What makes York’s Bishopthorpe Road so special?

Will Pearce, Viv Pearson,Joe Farrow, Frankie Hayes, Ralph Major
Front: Bex Toppin, Beppe Lombard

Will Pearce, Viv Pearson,Joe Farrow, Frankie Hayes, Ralph Major Front: Bex Toppin, Beppe Lombard (new chair of the Bishy Road Traders Association), Richard Bothamley and Matthew Kneafsey of M and K Butchers come together for a group photo - Credit: Joan Russell

It’s commonly known as Bishy Road and it’s a popular destination for vistors to York. Jo Haywood (a former South Banker herself) revisits to find out why.

There is tremendous affection for Bishy Road

There is tremendous affection for Bishy Road - Credit: Joan Russell

Bishopthorpe Road on York’s South Bank is partial to a party. (That’s partial in the same way that Jeremy Clarkson quite likes cars and Elizabeth Taylor was a tiny bit keen on diamonds.)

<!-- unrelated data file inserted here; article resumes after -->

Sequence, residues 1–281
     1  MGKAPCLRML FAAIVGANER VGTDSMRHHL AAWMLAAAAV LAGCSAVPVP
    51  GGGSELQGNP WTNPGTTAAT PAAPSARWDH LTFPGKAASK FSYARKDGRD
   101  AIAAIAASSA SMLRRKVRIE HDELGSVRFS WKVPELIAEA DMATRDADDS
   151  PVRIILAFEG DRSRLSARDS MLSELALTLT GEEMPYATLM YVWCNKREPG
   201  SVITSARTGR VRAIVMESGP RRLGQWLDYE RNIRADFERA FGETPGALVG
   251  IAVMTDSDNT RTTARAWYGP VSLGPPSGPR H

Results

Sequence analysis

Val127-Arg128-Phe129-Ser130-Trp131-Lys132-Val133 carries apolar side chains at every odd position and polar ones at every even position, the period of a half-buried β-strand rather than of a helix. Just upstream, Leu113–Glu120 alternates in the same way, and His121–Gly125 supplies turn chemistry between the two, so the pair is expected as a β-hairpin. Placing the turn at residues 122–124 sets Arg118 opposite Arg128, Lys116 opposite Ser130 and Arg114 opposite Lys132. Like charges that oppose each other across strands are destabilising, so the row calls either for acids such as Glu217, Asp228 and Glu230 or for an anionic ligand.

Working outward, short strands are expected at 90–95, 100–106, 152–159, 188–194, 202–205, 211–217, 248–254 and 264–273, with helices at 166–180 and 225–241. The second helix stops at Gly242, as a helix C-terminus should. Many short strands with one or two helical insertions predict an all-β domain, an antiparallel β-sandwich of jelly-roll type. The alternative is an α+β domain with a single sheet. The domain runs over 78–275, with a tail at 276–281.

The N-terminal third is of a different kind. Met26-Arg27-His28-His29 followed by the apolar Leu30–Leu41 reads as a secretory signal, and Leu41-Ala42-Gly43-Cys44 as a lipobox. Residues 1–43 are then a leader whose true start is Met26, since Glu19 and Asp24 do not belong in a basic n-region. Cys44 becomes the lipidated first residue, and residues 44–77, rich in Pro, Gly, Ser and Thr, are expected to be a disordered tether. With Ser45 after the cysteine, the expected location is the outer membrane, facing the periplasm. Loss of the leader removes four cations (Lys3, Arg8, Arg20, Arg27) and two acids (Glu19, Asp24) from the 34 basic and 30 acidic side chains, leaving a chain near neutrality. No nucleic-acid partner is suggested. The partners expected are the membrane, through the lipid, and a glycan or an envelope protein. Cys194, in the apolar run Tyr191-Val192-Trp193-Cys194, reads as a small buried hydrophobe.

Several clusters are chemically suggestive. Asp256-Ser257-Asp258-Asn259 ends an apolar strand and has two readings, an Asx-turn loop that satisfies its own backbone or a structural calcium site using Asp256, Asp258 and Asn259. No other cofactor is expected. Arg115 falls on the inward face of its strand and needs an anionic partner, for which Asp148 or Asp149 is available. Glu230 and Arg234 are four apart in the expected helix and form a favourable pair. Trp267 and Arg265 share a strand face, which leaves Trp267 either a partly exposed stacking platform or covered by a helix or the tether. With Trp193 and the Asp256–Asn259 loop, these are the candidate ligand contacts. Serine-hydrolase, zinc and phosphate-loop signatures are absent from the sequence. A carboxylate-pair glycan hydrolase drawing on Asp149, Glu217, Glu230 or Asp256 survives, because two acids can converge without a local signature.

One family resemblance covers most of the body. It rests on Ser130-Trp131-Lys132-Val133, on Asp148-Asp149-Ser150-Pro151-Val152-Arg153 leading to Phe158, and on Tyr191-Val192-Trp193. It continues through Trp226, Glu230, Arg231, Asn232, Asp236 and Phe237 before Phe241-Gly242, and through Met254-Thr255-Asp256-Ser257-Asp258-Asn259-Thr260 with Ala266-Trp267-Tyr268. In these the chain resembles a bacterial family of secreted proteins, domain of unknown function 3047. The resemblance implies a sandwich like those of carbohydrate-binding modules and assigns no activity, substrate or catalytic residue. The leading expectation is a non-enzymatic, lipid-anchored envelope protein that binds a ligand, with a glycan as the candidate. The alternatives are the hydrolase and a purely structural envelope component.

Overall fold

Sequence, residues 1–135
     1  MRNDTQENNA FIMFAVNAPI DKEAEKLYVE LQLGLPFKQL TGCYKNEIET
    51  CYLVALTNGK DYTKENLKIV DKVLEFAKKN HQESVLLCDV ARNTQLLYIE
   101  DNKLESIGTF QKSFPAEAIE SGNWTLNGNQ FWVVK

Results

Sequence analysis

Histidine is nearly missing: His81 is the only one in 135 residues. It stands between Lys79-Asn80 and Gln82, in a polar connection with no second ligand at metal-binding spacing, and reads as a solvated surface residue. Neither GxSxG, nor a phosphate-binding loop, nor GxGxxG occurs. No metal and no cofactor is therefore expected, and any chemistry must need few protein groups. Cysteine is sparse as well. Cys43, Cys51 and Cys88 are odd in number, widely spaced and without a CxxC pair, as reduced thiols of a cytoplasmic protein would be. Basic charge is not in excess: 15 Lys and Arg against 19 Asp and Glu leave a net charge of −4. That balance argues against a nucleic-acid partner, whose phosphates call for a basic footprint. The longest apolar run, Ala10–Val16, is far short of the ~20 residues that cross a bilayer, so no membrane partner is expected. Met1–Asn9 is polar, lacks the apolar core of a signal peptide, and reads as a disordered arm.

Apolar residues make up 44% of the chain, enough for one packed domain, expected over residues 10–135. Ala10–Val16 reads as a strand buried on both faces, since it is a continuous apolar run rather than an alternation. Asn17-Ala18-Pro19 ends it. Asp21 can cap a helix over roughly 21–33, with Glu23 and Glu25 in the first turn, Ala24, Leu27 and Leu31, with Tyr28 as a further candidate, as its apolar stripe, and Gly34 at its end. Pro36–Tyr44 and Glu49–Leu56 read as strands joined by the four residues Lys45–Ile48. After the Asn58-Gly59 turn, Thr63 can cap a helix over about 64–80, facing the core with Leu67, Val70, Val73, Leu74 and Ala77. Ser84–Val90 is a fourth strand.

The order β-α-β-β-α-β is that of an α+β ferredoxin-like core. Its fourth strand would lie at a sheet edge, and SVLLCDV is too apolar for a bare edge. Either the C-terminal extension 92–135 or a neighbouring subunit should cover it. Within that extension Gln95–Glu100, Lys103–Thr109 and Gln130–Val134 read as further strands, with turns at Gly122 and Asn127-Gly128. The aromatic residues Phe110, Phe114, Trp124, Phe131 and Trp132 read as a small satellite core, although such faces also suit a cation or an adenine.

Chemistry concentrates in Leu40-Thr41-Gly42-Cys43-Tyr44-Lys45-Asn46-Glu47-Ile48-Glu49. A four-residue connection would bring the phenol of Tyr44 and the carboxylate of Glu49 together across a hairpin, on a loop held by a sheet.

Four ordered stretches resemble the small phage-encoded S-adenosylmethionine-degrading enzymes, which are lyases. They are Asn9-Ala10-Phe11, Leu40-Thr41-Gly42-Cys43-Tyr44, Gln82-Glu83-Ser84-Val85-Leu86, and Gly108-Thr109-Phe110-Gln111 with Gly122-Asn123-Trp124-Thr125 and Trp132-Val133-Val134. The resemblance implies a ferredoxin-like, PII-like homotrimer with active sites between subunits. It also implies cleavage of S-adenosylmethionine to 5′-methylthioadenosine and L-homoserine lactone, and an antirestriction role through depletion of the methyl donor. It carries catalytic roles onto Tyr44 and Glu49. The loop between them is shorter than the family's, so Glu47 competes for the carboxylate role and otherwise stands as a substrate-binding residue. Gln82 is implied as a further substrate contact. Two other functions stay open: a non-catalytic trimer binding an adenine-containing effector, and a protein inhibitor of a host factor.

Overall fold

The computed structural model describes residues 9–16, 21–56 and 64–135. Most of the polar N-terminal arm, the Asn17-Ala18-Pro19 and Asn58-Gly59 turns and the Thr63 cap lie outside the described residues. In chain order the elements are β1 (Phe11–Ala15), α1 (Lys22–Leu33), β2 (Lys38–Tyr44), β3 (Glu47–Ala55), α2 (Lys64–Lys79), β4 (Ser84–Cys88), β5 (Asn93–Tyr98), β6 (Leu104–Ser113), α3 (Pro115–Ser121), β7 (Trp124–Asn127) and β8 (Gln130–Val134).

The traders and locals first got the bash-holding bug in 2010 when they closed the street and opened their arms to welcome Greenpeace.

At the time, the street had reached something of a low ebb. The Terry’s factory had closed down, the post office had gone, there were seven empty shops and the recession had started to bite hard. At a bit of a loss as to what to do, a few of the traders went along to a conference hosted by Greenpeace in the city centre.